Posted: Friday, November 18, 2022
A case study presented in Respirology Case Reports describes a patient with EGFR-mutated non–small cell lung cancer (NSCLC) who benefited from the combination of the kinase inhibitor osimertinib plus the TRK inhbitor entrectinib after acquired resistance to osimertinib. The combination therapy was selected because the patient harbored LMNA::NTRK1 fusion in addition to EGFR T790M.
“Identification of resistance mechanisms using serial next-generation sequencing on tumor biopsies or [cell-free DNA] is crucial for the management of EGFR-mutated NSCLC,” concluded Luo et al, of the Zhejiang School of Medicine, Hangzhou, China, and colleagues.
The case report featured a 50-year-old man who had been diagnosed with stage IIIA adenocarcinoma of the right lung and had undergone a lobectomy. Tumor sample testing indicated an EGFR exon 19 deletion accompanied by T790M mutation. After undergoing pemetrexed plus cisplatin treatment followed by recurrent metastatic lung adenocarcinoma, then gefitinib treatment followed by recurrent pleural effusion, the patient received osimertinib. This treatment led to 11 months of progression-free survival. Upon experiencing progressive disease plus increasing pleural effusion, the patient’s treatment was changed to the combination of cisplatin, pemetrexed, and bevacizumab and then to anlotinib plus docetaxel after further disease progression.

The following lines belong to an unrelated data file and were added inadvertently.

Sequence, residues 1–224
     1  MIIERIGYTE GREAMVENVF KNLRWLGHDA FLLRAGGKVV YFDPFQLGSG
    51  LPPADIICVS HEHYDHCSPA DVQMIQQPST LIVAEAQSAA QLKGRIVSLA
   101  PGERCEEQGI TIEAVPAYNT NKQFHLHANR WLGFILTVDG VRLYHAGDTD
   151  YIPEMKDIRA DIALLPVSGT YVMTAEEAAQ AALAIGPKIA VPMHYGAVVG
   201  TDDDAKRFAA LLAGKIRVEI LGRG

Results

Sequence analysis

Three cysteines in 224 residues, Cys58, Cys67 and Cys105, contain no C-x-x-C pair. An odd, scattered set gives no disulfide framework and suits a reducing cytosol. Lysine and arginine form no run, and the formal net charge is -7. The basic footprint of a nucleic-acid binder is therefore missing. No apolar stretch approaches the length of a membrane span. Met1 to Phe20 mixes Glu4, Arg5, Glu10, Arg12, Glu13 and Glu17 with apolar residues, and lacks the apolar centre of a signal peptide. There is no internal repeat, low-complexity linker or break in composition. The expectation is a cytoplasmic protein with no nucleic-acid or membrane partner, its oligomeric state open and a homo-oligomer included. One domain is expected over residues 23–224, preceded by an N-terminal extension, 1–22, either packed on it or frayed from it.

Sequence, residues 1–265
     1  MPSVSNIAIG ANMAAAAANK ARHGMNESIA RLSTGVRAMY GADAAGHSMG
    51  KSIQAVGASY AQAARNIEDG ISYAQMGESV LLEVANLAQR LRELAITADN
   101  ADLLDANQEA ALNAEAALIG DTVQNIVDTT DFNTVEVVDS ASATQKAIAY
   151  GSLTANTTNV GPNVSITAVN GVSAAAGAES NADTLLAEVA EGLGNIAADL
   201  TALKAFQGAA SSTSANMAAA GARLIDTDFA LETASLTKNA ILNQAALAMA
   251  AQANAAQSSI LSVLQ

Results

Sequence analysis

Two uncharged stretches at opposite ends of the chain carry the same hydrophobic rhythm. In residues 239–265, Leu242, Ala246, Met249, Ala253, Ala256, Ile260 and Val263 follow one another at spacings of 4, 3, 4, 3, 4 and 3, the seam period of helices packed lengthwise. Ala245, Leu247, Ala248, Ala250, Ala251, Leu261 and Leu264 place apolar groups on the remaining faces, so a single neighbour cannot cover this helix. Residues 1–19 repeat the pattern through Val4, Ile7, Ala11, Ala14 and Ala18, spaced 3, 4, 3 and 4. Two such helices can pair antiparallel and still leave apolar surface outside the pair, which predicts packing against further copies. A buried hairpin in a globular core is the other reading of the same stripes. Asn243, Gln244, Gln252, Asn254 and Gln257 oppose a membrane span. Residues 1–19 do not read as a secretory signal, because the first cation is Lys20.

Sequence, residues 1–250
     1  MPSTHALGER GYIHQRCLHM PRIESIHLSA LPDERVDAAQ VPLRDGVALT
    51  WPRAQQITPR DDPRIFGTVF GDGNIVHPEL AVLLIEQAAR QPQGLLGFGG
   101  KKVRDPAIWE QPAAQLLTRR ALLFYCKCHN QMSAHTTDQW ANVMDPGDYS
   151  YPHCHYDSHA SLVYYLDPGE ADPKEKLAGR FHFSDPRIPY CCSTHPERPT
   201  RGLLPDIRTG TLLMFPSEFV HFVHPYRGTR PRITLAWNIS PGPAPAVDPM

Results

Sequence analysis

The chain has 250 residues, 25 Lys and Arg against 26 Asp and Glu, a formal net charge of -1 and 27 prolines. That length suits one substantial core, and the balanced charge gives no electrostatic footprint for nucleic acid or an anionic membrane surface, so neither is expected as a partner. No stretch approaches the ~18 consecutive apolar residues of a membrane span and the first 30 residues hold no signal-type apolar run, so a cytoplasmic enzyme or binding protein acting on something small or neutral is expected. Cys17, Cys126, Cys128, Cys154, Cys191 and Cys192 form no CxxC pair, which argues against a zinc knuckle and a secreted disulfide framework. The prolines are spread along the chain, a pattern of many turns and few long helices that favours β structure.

The patient experienced disease recurrence 5 months after third-line treatment. At that time, next-generation sequencing revealed an LMNA::NTRK1 fusion. The authors suggest this fusion may be responsible for the patient’s resistance to osimertinib. Rechallenge with osimertinib was then initiated in combination with entrectinib. Although disease progression slowed over the subsequent 5 months, the patient declined to receive further treatment and died 1 month later.
“The outcomes of individual therapies depend on the dominant form of the resistance mechanism, and the effects of combinatorial inhibition of NTRK fusion and the driver EGFR mutation remain to be confirmed by the accumulation of additional case series and further research,” noted the authors.
Disclosure: The study authors reported no conflicts of interest.